By Mark Doyle | Italy Expert
According to the Italian media, Manchester United sent scouts to watch Claudio Marchisio in action in the Azzurri's Confederations Cup opener against Mexico on Sunday evening.
They would have followed him closely, which is just as well, really, because a casual observer would not have noticed that the Juventus midfielder was playing for much of the contest.
The Red Devils representatives would have left the Maracana wondering whether they really need Marchisio in their midfield. They would not be alone in that regard, because Juventus, and now Italy, are asking themselves the same question. Other interested parties such as the nouveau-riche Monaco - who have been considering a €30 million bid - will also be thinking twice about tabling such a huge offer.
Marchisio is, on his day, an indefatigable, industrious, multi-tasking midfielder with an eye for goal. However, when he is not making timely and lethal late runs into the area, it is difficult not to wonder if he brings much else of value to the party.
The 27-year-old functions best in a midfield three, but it has become abundantly clear over the past six months that he is no longer among the top three midfielders at Juventus. He has never been in the same class as either Andrea Pirlo (in fairness, so few are) or Arturo Vidal, and now he has arguably been overtaken in the pecking order by Paul Pogba, who, coincidentally, arrived in Turin on a free transfer from United last summer.
|MARCHISIO'S LAST TWO ITALY STARTS
| PLAYER RATING VERSUS CZECH REPUBLIC
|2.5||Absolutely anonymous for the 90 minutes he was inexplicably afforded, failing dismally to even offer his customary goal threat.
| PLAYER RATING VERSUS MEXICO
|2.0||Worked hard but failed to have any influence on the game. Looked out of his depth in a role that clearly didn't suit him.|
Now, while that decision to sacrifice a striker was a damning indictment of the quality of Juve's forwards at Conte's disposal, it was also an obvious, tacit admission that Pogba was more worthy of a place in midfield alongside Pirlo and Vidal than Marchisio, who had been moved forward in support of lone striker Mirko Vucinic as a consequence of the tactical rethink.
Marchisio, though, is no trequartista. He does not have the requisite vision, technique or range of passing to play what is a highly-skilled position.
That was once again painfully evident in Italy's Group B clash with Mexico. With Stephan El Shaarawy out of form and seemingly incompatible with Mario Balotelli, Azzurri boss Cesare Prandelli opted to play 'Super Mario' as a lone striker against el Tri, with Emanuele Giaccherini and Marchisio in behind.
For all his failings, Giaccherini made a reasonable fist of the role. Yes, he took the wrong option several times and lost possession in inexplicable circumstances, but the Bianconeri utility man also drifted out to the flanks to good effect, embarked upon a couple of threatening runs and even played a part in Balotelli's winner.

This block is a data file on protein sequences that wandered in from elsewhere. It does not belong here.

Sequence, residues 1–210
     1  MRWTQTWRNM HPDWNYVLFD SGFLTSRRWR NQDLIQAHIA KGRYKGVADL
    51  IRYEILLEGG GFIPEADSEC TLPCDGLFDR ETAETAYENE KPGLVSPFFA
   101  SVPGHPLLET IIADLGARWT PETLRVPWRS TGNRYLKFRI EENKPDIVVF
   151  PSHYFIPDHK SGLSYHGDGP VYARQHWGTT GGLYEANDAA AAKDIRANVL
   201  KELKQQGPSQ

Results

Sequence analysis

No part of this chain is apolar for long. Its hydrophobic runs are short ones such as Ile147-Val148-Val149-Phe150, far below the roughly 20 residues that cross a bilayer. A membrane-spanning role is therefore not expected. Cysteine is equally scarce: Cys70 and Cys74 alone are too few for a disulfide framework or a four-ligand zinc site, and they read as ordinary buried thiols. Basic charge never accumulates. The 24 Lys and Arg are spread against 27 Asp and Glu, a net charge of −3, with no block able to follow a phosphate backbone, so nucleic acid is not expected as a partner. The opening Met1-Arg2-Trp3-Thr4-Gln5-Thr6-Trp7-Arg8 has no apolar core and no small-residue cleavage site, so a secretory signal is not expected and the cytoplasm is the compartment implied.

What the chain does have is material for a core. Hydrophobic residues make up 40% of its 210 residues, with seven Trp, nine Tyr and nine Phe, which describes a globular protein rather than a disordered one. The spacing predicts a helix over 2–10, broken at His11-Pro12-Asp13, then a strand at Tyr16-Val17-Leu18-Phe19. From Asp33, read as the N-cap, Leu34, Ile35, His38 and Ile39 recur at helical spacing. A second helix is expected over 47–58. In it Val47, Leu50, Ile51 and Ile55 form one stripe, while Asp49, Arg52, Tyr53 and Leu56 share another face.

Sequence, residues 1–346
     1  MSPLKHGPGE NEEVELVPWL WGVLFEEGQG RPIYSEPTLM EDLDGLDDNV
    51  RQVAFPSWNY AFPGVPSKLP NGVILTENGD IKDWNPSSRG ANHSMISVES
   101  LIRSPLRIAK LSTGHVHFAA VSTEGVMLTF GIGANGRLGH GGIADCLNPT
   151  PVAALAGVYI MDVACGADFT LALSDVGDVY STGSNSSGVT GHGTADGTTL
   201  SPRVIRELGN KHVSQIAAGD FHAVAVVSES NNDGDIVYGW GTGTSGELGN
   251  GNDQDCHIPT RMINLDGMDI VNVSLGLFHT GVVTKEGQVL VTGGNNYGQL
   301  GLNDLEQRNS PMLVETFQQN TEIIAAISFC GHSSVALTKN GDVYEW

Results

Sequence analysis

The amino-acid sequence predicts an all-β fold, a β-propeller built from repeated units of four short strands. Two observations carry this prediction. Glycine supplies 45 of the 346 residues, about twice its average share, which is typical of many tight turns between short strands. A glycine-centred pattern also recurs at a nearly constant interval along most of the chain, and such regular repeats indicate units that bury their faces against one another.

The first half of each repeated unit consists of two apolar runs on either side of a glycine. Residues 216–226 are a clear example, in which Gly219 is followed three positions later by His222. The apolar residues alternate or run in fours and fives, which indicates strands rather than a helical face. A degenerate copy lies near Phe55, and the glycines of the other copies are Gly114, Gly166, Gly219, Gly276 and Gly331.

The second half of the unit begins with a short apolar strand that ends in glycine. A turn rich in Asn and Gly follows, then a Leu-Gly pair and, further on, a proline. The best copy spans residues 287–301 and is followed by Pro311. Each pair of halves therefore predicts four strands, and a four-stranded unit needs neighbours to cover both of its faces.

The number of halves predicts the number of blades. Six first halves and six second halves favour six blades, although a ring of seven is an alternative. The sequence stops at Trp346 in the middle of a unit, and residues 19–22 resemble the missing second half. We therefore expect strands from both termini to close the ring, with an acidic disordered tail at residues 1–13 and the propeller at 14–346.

Marchisio, by complete contrast, was virtually anonymous. One could not fault his energy or desire to get involved but, at times, he resembled a headless chicken who had been drinking heavily before his decapitation. He looked lost and confused in an advanced role - and not for the first time.
Indeed, Marchisio's performance has now left Prandelli with a problem. The 'new Tardelli' did net in a cameo appearance during last week's 2-2 draw with Haiti, but in his last two competitive starts, against Mexico and the Czech Republic, he may as well have not been playing, so little did he contribute to the cause.
And that begs the question: does Marchisio deserve to remain a first-choice player for his country?
This time 12 months ago, Prandelli preferred to play Riccardo Montolivo in the troublesome trequartista role because of a dearth of viable alternatives, and the former Fiorentina captain made the best of an unwelcome assignment at Euro 2012 - witness his pass for Balotelli's second goal in the win over Germany.
However, over the course of a stellar debut season at San Siro in which he was deployed in his preferred position in the middle of the park, it became clear that Montolivo, like Pogba at Juventus, had overtaken Marchisio in the Azzurri's midfield pecking order. Montolivo, therefore, deserves to once again start alongside Pirlo and Daniele De Rossi against Japan.
But does Marchisio really warrant another start in an advanced role, in light of his no-show at the Maracana? It is not as if Italy do not have other options: Alessandro Diamanti, Alessio Cerci and Antoni Candreva are all in better form than Marchisio; not only that, they are all far more suited to playing as attacking midfielders.
The noises coming out of the Italian camp on Tuesday night suggest that Marchisio will indeed be dropped for the game against Japan, indicating that Prandelli has now realised what Conte reluctantly accepted last season: that while he has a couple of indispensable midfielders at his disposal, Marchisio is no longer one of them.